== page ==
Advertisers are still reluctant to allocate budget to mobile search, according to a new survey from the World Federation of Advertisers.

The survey found that 66% of WFA members did not yet allocate budget to mobile search and 44% do not devote budget to social search.

The findings come despite the number of WFA members working with a single international specialist search agency doubling to 23% in 2011, while 39% work with a search agency in at least one country.

Econsultancy’s UK Search Engine Marketing Benchmark Report 2011 returned similar findings. Just 16% of companies used mobile search in their marketing activities, although this had increased from 8% in 2010.

Based on an online survey of more than 600 client-side digital marketers and agencies, just 2% of client-side paid search budget is spent on mobile search, while supply-side respondents say the average for their clients is 5%.

WFA marketing communications director Robert Dreblow said: “Our members find there is a lack of expertise in this area, so they are unsure of the returns they are going to get for their investment. There needs to be some education around the actual benefits.”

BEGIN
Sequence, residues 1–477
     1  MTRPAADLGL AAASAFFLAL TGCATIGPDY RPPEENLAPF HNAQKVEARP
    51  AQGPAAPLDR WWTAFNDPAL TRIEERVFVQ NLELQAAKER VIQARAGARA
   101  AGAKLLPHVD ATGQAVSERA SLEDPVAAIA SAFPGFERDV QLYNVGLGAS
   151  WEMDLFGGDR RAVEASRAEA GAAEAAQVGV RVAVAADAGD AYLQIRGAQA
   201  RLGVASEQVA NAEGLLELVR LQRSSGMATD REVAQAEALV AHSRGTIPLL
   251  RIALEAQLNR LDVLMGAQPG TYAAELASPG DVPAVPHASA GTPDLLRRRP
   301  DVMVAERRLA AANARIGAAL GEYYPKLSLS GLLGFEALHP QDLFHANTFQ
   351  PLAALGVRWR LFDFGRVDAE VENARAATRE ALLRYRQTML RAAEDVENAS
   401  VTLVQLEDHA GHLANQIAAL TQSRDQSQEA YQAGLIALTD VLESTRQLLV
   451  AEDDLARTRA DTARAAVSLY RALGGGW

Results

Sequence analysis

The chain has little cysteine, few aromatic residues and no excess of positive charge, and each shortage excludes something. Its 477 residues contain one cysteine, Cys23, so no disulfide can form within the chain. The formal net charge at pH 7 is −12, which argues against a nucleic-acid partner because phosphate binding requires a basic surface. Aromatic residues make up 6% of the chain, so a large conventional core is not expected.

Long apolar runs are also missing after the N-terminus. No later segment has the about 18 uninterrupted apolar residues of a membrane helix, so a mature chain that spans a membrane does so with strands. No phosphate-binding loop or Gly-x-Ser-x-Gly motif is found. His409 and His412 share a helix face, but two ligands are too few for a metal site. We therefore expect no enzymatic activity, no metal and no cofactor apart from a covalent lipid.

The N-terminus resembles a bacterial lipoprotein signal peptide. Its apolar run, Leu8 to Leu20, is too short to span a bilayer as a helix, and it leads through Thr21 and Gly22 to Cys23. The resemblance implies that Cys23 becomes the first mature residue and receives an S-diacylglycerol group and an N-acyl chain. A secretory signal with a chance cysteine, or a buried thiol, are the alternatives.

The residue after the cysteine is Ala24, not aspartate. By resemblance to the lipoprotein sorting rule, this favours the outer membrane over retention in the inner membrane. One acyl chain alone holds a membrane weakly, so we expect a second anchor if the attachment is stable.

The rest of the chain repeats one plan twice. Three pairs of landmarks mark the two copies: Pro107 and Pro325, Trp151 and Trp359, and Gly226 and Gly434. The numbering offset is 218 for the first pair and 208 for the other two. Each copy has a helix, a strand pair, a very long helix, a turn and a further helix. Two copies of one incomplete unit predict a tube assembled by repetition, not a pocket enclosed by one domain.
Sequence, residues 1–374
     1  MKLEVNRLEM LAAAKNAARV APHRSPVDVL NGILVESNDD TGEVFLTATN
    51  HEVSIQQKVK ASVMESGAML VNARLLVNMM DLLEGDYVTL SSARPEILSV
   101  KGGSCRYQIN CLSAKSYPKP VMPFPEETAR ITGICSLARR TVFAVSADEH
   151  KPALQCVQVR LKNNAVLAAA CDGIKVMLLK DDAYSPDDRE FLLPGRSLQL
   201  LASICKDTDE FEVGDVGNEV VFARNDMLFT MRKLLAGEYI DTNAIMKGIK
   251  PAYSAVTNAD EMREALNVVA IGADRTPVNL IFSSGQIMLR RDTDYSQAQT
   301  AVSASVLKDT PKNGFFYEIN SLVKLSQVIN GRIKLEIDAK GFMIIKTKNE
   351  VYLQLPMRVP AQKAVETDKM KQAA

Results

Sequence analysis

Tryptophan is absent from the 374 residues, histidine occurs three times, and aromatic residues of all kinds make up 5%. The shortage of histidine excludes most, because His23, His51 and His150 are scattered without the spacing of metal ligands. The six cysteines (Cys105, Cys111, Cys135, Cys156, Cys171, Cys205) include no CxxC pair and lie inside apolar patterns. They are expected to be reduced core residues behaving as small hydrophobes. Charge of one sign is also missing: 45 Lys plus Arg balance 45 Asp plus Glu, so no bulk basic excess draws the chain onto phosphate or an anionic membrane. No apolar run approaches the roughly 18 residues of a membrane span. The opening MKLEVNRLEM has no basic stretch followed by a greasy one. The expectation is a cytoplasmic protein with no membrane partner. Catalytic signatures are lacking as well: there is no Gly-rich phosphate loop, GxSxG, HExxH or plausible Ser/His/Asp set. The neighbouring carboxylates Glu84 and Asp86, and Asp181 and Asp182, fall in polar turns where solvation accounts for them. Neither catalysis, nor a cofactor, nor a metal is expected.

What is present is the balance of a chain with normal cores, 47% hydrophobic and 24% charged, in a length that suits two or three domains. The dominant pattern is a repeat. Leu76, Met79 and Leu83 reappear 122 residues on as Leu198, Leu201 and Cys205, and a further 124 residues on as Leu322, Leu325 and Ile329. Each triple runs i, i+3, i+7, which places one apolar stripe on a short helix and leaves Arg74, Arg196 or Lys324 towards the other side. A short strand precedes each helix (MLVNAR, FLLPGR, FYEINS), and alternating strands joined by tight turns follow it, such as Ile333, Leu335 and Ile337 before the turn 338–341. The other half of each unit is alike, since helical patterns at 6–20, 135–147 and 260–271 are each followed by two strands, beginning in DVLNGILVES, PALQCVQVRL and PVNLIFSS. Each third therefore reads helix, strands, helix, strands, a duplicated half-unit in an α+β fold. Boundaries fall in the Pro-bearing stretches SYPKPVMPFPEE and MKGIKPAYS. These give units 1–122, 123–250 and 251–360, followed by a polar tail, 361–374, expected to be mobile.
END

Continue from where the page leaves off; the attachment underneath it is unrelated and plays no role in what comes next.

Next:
The WFA survey also investigated how advertisers assess the performance of their paid search budget – on average four different measurement criteria are used.

The most popular KPIs are click-through (71%) and average CPC (65%) followed by cost per conversion (52%) and conversion rate (48%). 

Sales come last (19%), indicating that most respondents are using search marketing primarily at an early stage in the consumer journey despite most also having e-commerce platforms.

The survey found that the preferred method of payment for SEO projects is fixed-rate commissions – selected by 33%. 

Fixed or output-based fees are nearly as popular with 30% of respondents using this method, increasing from 11% in 2009. 

The WFA said that though this survey is not definitive, with 36 responses from global and regional marketers (representing 36 different multinational companies), it provides the best look at how the world’s biggest advertisers are changing the way they approach search. 

Respondents were responsible for more than $33bn in gross media spend in 2011.